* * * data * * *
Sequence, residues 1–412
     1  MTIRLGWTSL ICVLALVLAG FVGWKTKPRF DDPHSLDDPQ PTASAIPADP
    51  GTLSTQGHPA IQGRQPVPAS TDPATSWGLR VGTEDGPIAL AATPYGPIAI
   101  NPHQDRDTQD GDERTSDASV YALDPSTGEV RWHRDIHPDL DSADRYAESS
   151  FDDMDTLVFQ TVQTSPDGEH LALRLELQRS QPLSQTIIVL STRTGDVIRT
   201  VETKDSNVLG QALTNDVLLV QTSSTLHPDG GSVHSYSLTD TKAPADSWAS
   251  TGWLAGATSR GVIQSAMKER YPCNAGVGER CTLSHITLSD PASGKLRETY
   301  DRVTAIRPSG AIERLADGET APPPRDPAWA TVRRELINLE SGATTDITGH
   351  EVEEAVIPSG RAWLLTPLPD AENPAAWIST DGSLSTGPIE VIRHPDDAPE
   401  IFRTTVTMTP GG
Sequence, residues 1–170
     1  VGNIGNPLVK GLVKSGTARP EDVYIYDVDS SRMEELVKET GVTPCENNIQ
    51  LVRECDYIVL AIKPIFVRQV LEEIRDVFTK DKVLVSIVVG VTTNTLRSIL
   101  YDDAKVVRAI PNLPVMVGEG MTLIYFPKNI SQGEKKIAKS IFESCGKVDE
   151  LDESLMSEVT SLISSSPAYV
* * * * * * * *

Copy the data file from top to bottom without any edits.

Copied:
Sequence, residues 1–412
     1  MTIRLGWTSL ICVLALVLAG FVGWKTKPRF DDPHSLDDPQ PTASAIPADP
    51  GTLSTQGHPA IQGRQPVPAS TDPATSWGLR VGTEDGPIAL AATPYGPIAI
   101  NPHQDRDTQD GDERTSDASV YALDPSTGEV RWHRDIHPDL DSADRYAESS
   151  FDDMDTLVFQ TVQTSPDGEH LALRLELQRS QPLSQTIIVL STRTGDVIRT
   201  VETKDSNVLG QALTNDVLLV QTSSTLHPDG GSVHSYSLTD TKAPADSWAS
   251  TGWLAGATSR GVIQSAMKER YPCNAGVGER CTLSHITLSD PASGKLRETY
   301  DRVTAIRPSG AIERLADGET APPPRDPAWA TVRRELINLE SGATTDITGH
   351  EVEEAVIPSG RAWLLTPLPD AENPAAWIST DGSLSTGPIE VIRHPDDAPE
   401  IFRTTVTMTP GG
Sequence, residues 1–170
     1  VGNIGNPLVK GLVKSGTARP EDVYIYDVDS SRMEELVKET GVTPCENNIQ
    51  LVRECDYIVL AIKPIFVRQV LEEIRDVFTK DKVLVSIVVG VTTNTLRSIL
   101  YDDAKVVRAI PNLPVMVGEG MTLIYFPKNI SQGEKKIAKS IFESCGKVDE
   151  LDESLMSEVT SLISSSPAYV